This practice was formed 20 years ago with a progressive outlook and a clear emphasis on providing a quality service.
Our aspirations have been to seek to effect positive change through case law. As such we have been fortunate to handle a number of high profile cases which have achieved genuine change and become leading authorities setting precedents for others to follow.
A number of areas of challenge have been pursued with the ultimate aim of achieving not only success for the client but also in terms of a wider public interest.
Significant cases in relation to Immigration and Nationality Law or Human Rights issues have been pursued to the highest level.
Within the Nationality context we have carried out pioneering work in relation to the following areas:
- Special Voucher Scheme and the position of British Overseas Citizens/British Protected Persons.
- Provisions relating to stateless persons and British nationals without a right of abode.
- Section 13 British Nationality Act 1981 and the effective renunciation of British Citizenship.
Of these, the Special Voucher Scheme cases were of landmark importance not only in terms of the numbers the outcome potentially affected but also given the challenge related to a scheme which was widely considered objectionable in nature because of its inherently discriminative nature. The voucher scheme was created following the Commonwealth Act 1968 by which essentially, those British passport holders without ancestral connection were required to obtain a voucher to secure entry to the United Kingdom. Our challenge of the scheme related to the gender discriminatory nature of its effect which, after the Sex Discrimination Act 1975 and Human Rights Act 1998 became untenable. Dozens of judicial review challenges were mounted by ourselves with a lead case pursued under the test case procedure, where upon the Government ultimately revoked the Special Voucher Scheme and passed a special amendment (Section 4b) to the British Nationality Act 1981. The revocation was to ‘correct a historical wrong’. The amendment affected the position of some 50,000 to 100,000 British passport holders who are now permitted to acquire British citizenship by a simple process of registration.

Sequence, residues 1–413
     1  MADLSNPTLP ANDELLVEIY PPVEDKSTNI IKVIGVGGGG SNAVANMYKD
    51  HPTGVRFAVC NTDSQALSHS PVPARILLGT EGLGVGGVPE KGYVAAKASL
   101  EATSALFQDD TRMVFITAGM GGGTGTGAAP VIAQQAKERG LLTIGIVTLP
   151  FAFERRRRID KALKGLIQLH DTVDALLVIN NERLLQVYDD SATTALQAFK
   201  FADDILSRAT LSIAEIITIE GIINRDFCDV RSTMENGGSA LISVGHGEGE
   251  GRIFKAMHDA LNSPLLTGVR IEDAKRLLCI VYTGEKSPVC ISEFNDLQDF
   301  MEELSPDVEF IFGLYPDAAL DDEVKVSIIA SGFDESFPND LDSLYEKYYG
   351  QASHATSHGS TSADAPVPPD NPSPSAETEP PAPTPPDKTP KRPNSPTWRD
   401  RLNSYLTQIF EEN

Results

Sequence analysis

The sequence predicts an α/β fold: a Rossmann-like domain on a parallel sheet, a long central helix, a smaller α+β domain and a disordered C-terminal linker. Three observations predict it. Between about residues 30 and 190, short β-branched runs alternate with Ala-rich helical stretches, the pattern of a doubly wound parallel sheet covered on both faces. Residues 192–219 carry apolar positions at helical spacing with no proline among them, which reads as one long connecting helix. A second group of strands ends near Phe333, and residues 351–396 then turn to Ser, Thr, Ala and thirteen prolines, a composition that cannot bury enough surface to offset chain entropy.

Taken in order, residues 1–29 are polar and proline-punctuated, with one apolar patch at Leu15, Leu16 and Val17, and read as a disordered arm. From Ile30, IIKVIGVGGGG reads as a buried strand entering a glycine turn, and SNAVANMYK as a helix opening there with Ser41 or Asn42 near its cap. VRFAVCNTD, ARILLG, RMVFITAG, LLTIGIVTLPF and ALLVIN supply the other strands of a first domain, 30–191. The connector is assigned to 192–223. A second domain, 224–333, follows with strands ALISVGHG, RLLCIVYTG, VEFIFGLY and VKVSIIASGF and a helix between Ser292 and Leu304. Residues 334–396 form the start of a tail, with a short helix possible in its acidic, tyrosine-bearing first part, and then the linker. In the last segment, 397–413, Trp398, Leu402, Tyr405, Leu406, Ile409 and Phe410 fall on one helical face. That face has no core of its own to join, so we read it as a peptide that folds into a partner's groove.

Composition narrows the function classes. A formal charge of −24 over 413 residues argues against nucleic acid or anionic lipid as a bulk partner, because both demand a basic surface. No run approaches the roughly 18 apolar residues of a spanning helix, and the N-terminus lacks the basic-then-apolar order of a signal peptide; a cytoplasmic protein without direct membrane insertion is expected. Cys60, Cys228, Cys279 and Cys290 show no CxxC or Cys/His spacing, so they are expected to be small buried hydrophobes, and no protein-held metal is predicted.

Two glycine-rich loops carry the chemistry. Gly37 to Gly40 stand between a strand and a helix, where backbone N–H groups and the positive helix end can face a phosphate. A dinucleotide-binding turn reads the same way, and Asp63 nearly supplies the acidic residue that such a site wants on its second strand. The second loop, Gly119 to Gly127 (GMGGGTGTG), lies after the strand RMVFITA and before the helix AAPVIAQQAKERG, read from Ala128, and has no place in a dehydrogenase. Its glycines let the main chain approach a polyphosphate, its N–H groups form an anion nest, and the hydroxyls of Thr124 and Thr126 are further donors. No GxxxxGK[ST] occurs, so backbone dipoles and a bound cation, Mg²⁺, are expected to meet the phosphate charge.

Following these changes further significant strides were made through the appellate process to secure entry of over age dependent children, on the basis of their ‘legitimate expectation’ to accompany a parent in light of the demise of the Special Voucher Scheme.
Other significant case challenges and public interest issues include:
- The rights of those people present within the United Kingdom unlawfully subject to public policy exclusion. The issues raised before the Court of Appeal concerned the entitlement, or not, of certain immigrants to enjoy basic subsistence. In a landmark decision Simon Brown LJ decided that illegality was no bar to assistance. (R v Leicester City Council ex parte Bhikha )
- The Court of Appeal are currently considering, under Article 3 ECHR, the position of severe health case applicants who, if removed, are likely, in most cases, to face death if unable to avail medical treatment abroad. (GS and EO (Article 3 - health cases) India )
- The prohibitive nature of Home Office fees for lodgement of human rights applications for destitute applicants. This has led to the creation of a system of fee waivers. Critically, this allows greater access to destitute applicants asserting their human rights.
- The right of entry and family residence permits for non EU national relatives of an EEA Sponsor.